A child gets help in school. A parent takes a training to understand the loss and grief they are experiencing. A family accesses therapeutic services for their child.
These are all possible through post-adoption services, which are available for adoptive parents across the country.
Families use services for a variety of reasons, according to the Child Welfare Information Gateway. These include helping with trust and attachment, navigating first family relationships, and finding support for issues in school.
Most public agencies offer some form of post-adoption services. However, eligibility varies. For example, some services may be only for people who adopted from foster care.
Post-adoption services might look like any of the following:
- Support groups
- Respite care
- Financial help beyond adoption assistance·
You can search services by state to find support near you, including a list of parent support groups.
A bird’s eye view of the post-adoption services agencies offer
AdoptUSKids asked workers from public adoption agencies about the services they provide to families like yours. Here are some stats, with responses from 46 states and three territories:
- 65% have peer support for parents, and 51% have this for children and teens
- 60% provide community-based therapeutic services
- 59% offer mediators between you and a birth family
- 59% can step in during a crisis
- 45% have camps and retreats for your family
Agencies are always working to add more support. But if your agency does not have the services you need, consider a few approaches to finding that support below.
You can also access support in these ways
- Join a Foster and Adoptive Parent Association (FAPA): These are statewide or local groups of foster and adoptive parents. While the size and activity level of these associations varies across the country, it’s great to connect with them. They may be able to provide direct support to your family. Find your local FAPA on your state’s post-adoption and guardianship support page.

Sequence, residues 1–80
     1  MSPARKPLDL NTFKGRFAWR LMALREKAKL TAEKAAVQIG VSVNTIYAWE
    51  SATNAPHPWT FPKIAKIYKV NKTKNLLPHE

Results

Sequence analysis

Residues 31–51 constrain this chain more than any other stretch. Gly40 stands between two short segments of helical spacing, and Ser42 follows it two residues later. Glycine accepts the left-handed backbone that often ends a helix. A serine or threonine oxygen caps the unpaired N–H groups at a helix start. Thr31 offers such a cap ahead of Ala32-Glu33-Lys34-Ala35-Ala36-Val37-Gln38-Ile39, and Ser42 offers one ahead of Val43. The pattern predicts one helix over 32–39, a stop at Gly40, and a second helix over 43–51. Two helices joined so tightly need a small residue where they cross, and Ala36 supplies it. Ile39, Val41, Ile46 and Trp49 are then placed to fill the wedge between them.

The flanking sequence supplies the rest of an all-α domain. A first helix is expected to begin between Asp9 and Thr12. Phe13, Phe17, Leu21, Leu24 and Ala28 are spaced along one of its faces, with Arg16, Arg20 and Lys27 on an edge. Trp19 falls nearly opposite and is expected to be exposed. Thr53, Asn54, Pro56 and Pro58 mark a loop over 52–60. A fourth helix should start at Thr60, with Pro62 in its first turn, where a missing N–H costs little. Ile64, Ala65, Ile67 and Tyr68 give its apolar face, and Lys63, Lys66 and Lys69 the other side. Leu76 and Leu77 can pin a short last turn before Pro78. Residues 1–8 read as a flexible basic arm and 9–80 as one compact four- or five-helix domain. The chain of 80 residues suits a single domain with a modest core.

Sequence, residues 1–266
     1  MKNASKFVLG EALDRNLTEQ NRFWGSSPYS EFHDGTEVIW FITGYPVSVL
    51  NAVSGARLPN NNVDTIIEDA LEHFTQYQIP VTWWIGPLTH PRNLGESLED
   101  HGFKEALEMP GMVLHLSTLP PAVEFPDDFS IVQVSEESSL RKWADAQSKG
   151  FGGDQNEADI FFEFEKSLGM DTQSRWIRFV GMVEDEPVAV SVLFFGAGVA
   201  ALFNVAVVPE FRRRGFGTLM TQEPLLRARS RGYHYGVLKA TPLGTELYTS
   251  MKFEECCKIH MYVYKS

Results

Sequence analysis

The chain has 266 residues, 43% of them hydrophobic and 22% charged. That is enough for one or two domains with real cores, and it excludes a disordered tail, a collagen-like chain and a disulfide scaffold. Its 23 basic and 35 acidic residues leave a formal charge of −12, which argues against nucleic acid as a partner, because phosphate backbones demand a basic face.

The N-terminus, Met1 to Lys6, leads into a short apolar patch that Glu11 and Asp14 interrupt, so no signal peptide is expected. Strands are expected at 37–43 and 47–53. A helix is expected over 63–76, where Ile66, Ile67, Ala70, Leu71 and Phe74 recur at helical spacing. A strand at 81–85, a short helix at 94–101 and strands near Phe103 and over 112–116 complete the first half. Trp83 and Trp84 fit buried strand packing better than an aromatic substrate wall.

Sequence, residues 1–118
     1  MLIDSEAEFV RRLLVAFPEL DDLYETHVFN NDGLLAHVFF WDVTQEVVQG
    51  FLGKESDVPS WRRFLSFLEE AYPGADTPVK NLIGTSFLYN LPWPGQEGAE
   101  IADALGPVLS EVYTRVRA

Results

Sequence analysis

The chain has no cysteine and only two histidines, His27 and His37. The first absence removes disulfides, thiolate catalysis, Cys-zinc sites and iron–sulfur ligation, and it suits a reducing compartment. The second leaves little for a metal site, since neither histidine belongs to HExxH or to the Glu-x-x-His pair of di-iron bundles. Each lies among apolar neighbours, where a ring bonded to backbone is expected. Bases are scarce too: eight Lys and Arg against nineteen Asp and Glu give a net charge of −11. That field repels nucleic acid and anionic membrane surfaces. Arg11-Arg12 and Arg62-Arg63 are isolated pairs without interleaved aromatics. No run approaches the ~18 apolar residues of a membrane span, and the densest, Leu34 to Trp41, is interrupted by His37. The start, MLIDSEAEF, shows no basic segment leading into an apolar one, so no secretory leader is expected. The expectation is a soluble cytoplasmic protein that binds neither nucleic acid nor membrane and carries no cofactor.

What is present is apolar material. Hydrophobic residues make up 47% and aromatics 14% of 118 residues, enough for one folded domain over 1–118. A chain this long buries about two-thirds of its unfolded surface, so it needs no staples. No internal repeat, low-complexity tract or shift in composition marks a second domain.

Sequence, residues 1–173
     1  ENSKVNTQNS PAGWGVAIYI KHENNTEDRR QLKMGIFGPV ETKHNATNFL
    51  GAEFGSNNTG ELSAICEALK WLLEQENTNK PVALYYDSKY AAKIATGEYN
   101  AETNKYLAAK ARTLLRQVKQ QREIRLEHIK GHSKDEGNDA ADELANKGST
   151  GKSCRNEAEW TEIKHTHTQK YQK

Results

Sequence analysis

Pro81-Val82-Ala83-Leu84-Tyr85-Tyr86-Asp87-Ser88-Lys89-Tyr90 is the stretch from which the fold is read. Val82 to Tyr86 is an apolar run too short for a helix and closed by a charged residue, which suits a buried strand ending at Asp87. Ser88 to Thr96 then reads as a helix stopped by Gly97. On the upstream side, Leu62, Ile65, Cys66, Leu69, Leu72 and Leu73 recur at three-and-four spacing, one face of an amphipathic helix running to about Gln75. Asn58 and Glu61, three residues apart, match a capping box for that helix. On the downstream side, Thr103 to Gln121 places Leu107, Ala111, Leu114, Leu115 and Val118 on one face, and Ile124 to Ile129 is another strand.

- Start a support group for adoptive parents: AdoptUSKids offers many tools to help you start your own support group. You can even find a curriculum to become a parent support group leader. Find more tips on starting a support group from the North American Council on Adoptable Children.
- Find private resources: In many communities, private groups offer support that isn’t available from a public program. When looking, use providers who have completed adoption competency training, like the one from the National Adoption Competency and Mental Health Training Initiative.
- Advocate for new services from agencies: Your personal story and voice is the best tool for advocating for more services.
- When looking for social media groups, be careful: There are so many groups on social media. These can be great ways to connect with other families. But vet groups carefully to make sure they are safe for your family and give up-to-date advice.
And, remember: “It’s okay to reach out during this time so you can receive the support you need”
A word from Jamerika Haynes-Lewis, who experienced foster care and adoption as a child, about what you might experience after a placement: “This time can feel exciting! However, it can also be a time of grief for a child or teen. The circumstances surrounding placement can be fraught with negativity and despair. You may want to celebrate but this is a time for healing and restoration. Keep things low-key and find out what they need to feel safe. You may experience grief as you adjust to parenting. It’s okay to reach out during this time so you can receive the support you need.”